I don't know how many of the 1.4 million members received this email but I would dismiss those that came out of the city and all those that came out of state. I went to the AFSCME site and with a click auto mailed all of you a email against the COO position. I listed my real name, with a Southington address. This email is wrong because the union is saying the COO position will be unaccountable. The COO will be working for the mayor.
If the management(mayor/council) team doesn't agree his/her skills he can get fired with no law suit against the city.
But, I lied when I sent the email through the AFSCME web site. I would prefer a town manager but a COO would be a step in the right direction.
Six months ago when I announced to the media my preference for a council/manager form of government, never in my mind did I realize I would be going against the unions. I thought the opposition would come from the councilmen who wanted to be mayor in the future.
Four or five years ago, Yarde Metals a non union company sent a thousand dollars to the men and women on strike for a very long time at a union shop on Pine Street. The UAW official at the time told the media that they had no problem accepting a check from a non union company. They said if employers treated their people like Yarde Metals, we wouldn't need a union.
Taking care of labor equally with management is what made Yarde Metals successful.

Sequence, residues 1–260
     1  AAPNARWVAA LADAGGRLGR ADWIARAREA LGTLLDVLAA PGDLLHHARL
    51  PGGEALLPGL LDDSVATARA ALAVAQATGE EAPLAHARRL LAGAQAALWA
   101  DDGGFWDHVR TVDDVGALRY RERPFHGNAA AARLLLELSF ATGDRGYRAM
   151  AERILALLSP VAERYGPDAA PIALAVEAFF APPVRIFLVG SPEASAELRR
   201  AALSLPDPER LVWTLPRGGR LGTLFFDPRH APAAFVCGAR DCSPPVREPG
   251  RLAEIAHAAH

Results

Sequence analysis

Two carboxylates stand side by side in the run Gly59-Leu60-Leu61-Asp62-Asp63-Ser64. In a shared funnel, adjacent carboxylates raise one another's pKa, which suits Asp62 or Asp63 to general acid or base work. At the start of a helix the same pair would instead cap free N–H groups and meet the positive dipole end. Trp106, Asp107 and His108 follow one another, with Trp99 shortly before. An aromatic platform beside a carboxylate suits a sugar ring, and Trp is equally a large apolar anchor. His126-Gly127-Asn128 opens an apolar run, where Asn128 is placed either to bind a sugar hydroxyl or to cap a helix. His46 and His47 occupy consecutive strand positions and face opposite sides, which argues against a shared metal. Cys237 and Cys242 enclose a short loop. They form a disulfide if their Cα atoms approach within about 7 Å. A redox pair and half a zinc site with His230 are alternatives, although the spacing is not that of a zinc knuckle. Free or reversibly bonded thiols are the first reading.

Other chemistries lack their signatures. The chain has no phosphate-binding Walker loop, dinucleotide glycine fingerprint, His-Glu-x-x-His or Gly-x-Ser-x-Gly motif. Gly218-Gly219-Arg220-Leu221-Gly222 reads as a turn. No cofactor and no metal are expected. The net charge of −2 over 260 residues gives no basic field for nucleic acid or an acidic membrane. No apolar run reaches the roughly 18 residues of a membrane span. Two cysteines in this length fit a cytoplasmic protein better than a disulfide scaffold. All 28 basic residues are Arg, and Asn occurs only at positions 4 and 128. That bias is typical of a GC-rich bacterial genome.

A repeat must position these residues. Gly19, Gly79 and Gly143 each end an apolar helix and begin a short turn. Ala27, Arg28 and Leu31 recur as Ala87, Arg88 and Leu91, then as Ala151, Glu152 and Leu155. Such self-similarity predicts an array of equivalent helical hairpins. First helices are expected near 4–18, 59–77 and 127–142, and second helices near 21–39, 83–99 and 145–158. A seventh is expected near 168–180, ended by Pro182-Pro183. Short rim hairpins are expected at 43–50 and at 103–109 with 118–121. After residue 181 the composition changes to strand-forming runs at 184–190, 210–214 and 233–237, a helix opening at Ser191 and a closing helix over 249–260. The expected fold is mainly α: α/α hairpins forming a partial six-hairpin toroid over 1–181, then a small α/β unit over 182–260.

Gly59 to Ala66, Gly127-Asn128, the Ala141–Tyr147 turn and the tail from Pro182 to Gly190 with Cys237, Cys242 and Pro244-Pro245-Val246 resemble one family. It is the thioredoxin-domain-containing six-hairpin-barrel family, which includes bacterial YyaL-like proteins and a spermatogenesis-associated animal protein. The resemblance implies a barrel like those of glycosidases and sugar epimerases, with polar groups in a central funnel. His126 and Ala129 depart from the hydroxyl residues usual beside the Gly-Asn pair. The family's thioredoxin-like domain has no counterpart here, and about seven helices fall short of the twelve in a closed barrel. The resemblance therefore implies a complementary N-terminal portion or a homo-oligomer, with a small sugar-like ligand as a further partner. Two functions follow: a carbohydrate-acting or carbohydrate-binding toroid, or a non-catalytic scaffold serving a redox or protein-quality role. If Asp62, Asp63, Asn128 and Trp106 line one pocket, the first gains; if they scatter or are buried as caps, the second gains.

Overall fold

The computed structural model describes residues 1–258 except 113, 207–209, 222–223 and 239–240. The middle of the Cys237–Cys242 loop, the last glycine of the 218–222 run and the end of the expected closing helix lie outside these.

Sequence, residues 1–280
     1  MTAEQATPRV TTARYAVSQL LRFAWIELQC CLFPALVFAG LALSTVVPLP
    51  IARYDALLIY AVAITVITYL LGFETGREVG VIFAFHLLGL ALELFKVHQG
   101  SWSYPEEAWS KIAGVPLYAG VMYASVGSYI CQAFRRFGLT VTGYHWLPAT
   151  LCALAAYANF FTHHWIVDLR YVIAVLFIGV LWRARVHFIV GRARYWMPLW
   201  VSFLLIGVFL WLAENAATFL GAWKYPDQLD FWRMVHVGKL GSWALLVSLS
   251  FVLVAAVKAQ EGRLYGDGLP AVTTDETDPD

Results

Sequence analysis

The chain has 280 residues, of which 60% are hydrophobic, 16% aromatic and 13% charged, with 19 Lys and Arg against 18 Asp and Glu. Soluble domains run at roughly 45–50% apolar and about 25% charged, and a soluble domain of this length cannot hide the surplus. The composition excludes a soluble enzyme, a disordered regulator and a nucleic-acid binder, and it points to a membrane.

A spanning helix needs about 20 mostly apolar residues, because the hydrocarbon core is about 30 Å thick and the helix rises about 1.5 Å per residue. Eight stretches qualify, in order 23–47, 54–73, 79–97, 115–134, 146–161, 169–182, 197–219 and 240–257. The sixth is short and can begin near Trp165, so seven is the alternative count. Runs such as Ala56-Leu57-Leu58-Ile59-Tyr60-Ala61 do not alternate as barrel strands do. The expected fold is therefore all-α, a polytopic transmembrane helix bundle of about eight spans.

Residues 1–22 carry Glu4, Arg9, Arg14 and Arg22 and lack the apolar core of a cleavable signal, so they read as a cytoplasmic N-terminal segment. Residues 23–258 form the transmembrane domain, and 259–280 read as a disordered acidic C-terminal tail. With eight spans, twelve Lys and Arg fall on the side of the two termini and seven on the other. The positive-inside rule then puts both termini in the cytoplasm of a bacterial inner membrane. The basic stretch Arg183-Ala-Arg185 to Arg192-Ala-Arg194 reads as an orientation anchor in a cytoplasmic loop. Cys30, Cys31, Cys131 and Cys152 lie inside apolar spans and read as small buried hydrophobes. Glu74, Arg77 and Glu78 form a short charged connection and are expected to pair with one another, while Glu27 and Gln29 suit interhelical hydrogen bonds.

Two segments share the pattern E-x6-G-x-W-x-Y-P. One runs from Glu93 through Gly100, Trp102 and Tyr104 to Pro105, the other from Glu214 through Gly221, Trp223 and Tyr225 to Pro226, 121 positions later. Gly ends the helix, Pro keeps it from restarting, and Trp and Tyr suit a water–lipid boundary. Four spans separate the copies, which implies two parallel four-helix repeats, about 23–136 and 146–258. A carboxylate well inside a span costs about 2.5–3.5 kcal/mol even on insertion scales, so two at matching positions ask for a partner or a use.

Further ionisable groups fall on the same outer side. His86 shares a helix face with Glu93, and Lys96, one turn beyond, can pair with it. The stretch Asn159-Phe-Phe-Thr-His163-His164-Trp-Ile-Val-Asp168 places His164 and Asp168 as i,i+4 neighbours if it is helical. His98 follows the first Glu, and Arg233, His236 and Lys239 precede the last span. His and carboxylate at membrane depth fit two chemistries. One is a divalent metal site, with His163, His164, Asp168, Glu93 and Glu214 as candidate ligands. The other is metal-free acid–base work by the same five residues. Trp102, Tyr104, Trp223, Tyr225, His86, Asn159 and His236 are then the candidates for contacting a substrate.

The problem with the city is not labor, The problem is the upper management organizational structure. Look at what we have here. We have a management team that turns over every two years including the CEO (mayor). On top of that we have two opposing political teams on the management team working at times against each other. You can see why it's difficult to get a everyone rowing the boat in the same direction. Forget about it!! What we are talking about here is giving an assistant to the mayor and council to help with all the moving parts. I'm advocating hiring a gray haired seasoned executive with knowledge of municipal affairs to assist the members on the management team. This COO knowledge will give our leaders a lot of value. We need to have a management team that can be more effective in meeting short and long term goals. The city needs to create a lean environment similar to Toyota. Everyone must be on board to eliminate all waste and create more efficiency. I think the future will get tougher than better and if we don't improve our organizational structure, there will be more 6 mil increases. I know some of you have conflicts because you get union benefits. You can agree or disagree with this change. All I ask of you is to pass this on so that voters can have a chance to determine our future in a referendum next year. The last four Charter Revision Committee have tried to get this to the public for a vote. Please pass it on. Let the voters decide. After all they are on top of the organizational chart. Thanks